In conversation with V R Devika, cultural activist, storyteller, writer and author of Muthulakshmi Reddy: A Trailblazer in Surgery and Women’s Rights, talks about the journey in documenting the story of this amazing woman and her learnings from it
You have been fascinated with Dr Muthulakshmi Reddy for a while now; what was the starting point?
After attending the conference titled Text and Context in the York University, Toronto, where Kapila Vastayan had advised me to resign from my school teaching job and make my Bharatanatyam in education programme widely available to other teachers in 1985, I came back and gave a proposal to INTACH, that had just started in Madras with the Madras Craft Foundation as the host.
Dr Deborah Thiagarajan liked my proposal and immediately made me the cultural coordinator for the two organizations. Geetha Dharmarajan, (before starting Katha) was a resource person and we jointly began an art in education project at Avvai Home. My interactions there told me a completely different story from the one the academic scholars (mostly from outside) decrying her and Rukminidevi Arundale had been spreading. I dug deeper.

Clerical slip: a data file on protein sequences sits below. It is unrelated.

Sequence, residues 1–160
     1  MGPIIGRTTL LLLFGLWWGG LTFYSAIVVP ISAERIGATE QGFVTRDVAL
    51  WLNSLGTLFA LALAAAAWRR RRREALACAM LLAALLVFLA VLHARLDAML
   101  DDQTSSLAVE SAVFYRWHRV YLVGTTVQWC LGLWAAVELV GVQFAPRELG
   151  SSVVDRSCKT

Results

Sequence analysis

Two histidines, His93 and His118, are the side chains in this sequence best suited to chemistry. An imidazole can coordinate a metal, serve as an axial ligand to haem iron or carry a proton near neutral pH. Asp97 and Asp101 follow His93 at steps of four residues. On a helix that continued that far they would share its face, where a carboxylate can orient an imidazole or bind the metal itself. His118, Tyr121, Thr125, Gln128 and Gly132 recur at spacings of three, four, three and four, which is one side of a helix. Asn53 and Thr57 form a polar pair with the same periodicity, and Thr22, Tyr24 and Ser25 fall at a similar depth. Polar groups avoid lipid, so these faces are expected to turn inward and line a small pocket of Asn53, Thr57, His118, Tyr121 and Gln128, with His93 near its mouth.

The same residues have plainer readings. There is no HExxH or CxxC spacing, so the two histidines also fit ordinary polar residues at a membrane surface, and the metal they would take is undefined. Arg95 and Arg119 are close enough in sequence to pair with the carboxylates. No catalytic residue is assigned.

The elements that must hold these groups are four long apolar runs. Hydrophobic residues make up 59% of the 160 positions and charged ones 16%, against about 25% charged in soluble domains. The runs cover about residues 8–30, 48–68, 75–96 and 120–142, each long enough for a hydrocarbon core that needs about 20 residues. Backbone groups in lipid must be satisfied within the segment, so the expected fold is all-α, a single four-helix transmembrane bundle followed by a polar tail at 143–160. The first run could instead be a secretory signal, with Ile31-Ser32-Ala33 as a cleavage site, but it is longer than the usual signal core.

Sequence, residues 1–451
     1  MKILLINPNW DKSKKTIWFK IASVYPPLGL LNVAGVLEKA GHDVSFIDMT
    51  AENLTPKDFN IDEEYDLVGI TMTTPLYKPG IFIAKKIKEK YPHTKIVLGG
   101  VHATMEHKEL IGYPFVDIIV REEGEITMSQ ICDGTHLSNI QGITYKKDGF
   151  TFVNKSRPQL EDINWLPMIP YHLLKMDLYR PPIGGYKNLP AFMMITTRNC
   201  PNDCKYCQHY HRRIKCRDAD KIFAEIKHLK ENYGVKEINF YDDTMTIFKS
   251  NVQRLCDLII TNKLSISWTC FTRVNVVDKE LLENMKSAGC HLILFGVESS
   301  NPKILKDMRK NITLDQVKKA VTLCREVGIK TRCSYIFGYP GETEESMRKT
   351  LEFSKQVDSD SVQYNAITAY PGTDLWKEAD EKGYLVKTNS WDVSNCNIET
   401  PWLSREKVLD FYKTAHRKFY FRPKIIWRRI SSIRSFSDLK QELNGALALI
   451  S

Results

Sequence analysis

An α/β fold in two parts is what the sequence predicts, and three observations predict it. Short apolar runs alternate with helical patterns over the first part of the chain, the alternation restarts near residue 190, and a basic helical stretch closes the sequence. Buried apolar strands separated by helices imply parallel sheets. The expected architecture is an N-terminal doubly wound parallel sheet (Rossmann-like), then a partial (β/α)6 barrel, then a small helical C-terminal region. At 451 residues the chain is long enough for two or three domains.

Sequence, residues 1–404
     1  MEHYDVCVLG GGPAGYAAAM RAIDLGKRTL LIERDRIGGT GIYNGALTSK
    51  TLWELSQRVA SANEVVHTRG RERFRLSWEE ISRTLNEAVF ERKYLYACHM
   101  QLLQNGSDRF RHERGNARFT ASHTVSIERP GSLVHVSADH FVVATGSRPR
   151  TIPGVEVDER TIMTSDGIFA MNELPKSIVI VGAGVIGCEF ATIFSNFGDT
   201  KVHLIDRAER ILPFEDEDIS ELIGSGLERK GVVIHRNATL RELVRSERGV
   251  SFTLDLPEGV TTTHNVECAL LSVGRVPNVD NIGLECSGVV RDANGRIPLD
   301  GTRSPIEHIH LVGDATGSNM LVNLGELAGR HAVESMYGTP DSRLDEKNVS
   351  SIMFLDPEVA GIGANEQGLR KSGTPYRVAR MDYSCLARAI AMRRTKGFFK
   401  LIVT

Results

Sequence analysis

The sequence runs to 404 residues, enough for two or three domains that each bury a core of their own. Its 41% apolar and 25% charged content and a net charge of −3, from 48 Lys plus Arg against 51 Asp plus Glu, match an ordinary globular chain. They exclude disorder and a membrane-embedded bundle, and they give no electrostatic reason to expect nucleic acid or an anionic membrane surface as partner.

Avvai Home requested me for help for a production on Muthulakshmi Reddy. I interviewed her son Dr S Krishnamurthy, her disciple Dr V Shanta, her associate Dr Sarojini Varadappan, for the production which was directed by Pralayan of Chennai Kalai Kuzhu. I decided I needed to tell her side of the story and began writing small articles and giving speeches.
When did you know that you wanted to chronicle her life in the form of a book?
When I began to study the life of Dr Muthulakshmi Reddy, writing a book on her was never on my mind. I kept looking for more details to look at her life that the academicians of North America had seen with just one angle. ie, taking away the dance from the Devadasi. They cherry picked according to their convenience to support their hypothesis and I had also believed them in the 1980s but working as a volunteer in Avvai Home, talking to several women who wanted their Devadasi lineage hidden and who considered her a Goddess, made me want to look at this a little more.